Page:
When the Audi Q3 arrived in the US in 2015, it was already a bit outdated. From its conservative sheetmetal to its also uninspired interior, it didn't feel new-new -- because it wasn't. Across the pond in Europe, the had been in showrooms since 2011, helping explain the small crossover's semiunderwhelming US debut. The arrival of the , however, changes everything. It's bigger, better-looking both inside and out, loaded with tech and a solid daily driver.
Stylish and spacious
Compared with its, the is a bit larger and more mature, growing 3.8 inches in length, 0.7 inch in width and 1.5 inches in height and being blessed with a much more interesting design. It has a new octagonal, single-frame grille and slick LED running lights up front that, along with the sculpted sides, provide a sharper appearance.
Theinterior is also drastically improved, with a fresh dash layout that is anything but boring. It's clean and intuitive with clearly marked switchgear, and with quality materials like brushed aluminum and matte wood trim tastefully sprinkled throughout. My tester's optional Sport interior package adds more supportive seats. A standard panoramic roof also ensures that the cabin is always light and airy.
Remember the Q3's upsized dimensions? They pay major dividends inside with the front and rear areas being sufficiently spacious for adults. Rolling three across in the back, however, is cozy, with the poor person in the center needing to straddle a tall center floor hump. For shopping trips, cargo space behind the rear seats grows from 16.7 cubic feet in the old Q3 to a more usable 23.7. When more space is needed, folding the second-row seats down bumps real estate to 48 cubic feet that I fully utilized during a supply run for the Wong family restaurant.
No shortage of tech
Anyone springing for the range-topping Prestige version of the Q3 will experience it in its most tech-rich form. The responsive and user-friendly Audi's fantastic is also standard on this trim, offering a reconfigurable 12.3-inch digital gauge cluster.uses a large, 10.1-inch touchscreen to control navigation as well as an excellent 15-speaker Bang & Olufsen audio unit. Happily, the MMI system is both - and -compatible.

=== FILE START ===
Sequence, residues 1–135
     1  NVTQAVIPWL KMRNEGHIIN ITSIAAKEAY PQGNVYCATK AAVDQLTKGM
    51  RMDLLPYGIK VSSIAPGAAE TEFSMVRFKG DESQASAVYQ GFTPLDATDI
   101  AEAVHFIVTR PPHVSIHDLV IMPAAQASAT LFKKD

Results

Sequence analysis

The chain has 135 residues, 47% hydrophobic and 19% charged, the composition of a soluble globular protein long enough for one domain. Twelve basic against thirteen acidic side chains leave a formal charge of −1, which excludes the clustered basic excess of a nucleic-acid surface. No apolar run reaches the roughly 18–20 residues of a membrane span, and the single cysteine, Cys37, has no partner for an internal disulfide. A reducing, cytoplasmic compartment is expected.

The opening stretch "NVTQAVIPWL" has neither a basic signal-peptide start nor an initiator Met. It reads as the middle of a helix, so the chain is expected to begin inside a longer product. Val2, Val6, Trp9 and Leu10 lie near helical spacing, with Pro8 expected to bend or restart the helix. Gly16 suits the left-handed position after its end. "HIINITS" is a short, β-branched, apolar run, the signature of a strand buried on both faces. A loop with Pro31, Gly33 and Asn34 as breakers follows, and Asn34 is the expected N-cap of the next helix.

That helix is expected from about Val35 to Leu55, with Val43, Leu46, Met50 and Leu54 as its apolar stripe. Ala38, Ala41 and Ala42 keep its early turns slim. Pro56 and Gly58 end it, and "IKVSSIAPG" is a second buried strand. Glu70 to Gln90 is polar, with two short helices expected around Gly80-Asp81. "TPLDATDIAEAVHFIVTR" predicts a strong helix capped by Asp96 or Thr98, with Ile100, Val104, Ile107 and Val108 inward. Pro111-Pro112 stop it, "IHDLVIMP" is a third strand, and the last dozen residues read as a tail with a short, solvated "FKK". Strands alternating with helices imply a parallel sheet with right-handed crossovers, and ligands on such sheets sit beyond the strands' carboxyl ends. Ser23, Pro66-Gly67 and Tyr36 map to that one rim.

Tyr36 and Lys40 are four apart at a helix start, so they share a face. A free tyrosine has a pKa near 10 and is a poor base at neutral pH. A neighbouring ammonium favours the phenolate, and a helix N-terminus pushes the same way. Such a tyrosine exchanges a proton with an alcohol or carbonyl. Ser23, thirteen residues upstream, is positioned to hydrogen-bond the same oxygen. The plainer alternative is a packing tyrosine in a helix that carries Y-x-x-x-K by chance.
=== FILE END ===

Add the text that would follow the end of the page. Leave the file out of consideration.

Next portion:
There's no shortage of power points inside of the Q3. Folks in the front have access to a wireless charging pad, a USB Type-A port, a USB Type-C port and a 12-volt outlet. For people in the rear there are two USB Type-A outlets and a 12-volt within easy reach on the back of the center console.
The safety tech menu has forward collision warning with automatic emergency braking coming on all. Prestige trims get the full complement of features including adaptive cruise control with stop-and-go functionality, blind-spot monitoring, lane-departure warning, parking sensors and a crisp, 360-degree camera.
Peppy and good for long hauls
One major part of thethat didn't need a complete overhaul is its drivetrain. A familiar 2.0-liter, turbocharged I4 engine and an eight-speed automatic gearbox send power to all four wheels. With 228 horsepower and 258 pound-feet of torque on tap, the latter at your service from 1,700 to 4,400 rpm, it gets moving at a respectable clip. Audi says the engine is strong enough to get the Q3 to 60 mph in 7.0 seconds and return an EPA-estimated 19 miles per gallon in the city and 28 mpg on the highway. During a short, mostly highway road trip, I observed 25.6 mpg.
The engine's power doesn't blow you away, but it's on par with standard versions of the BMW X1, Land Rover Range Rover Evoque and Mercedes-Benz GLA-Class. Toss the Q3 around in Dynamic mode and it reacts admirably. The steering becomes a touch weightier for quick turn-in, and the Q3 has all the grip you'll ever need for street driving on its 19-inch Goodyear Eagle Sport tires. The standard suspension setup gives way to controlled body roll and the brakes are grabby with a firm pedal feel for confident stopping muscle.
For the normal motoring around town or for longer expressway hauls, the Q3's Comfort setting calms the drivetrain and steering down. In the engine's case, Comfort is too sluggish, and I prefer to keep the engine in its Sport setting for better off-the-line thrust.
How I'd spec it
For my ideal Q3 build, I would start with the S Line Premium Plus trim, which begins at $39,100, not including $995 for destination. That gets me niceties such as blind-spot monitoring, rear cross-traffic alert and a wireless charging pad. A no-cost Turbo Blue paint job will cover the exterior, while the $500 Sport Interior Package is a must-have for the comfy and supportive sport seats. And to jazz up the interior a little more, a $150 Alcantara Interior Package adds the orange, suedelike trim to the dash and front doors.
All in, my Q3 stickers for $40,745, making it a little more wallet-friendly than the $45,340 Prestige car pictured here. I have to live without the fancy Virtual Cockpit, crazy audio system and a lot of available active safety tech, but those items aren't mission-critical to me.
A serious luxury SUV contender
The 2019 Audi Q3, with standard all-wheel drive, begins at $34,700. That makes it a smidge more affordable to start with than the $37,200 Mercedes-Benz GLA250 4Matic and $36,345 Volvo XC40 T5 AWD. All of those listed above are strong competitors, but the Audi is now indeed an impressive number itself. Thanks to more style, space and tech, and stout performance chops, the Q3 is easily in the conversation for top honors in the small luxury SUV class.xDrive28i, $35,950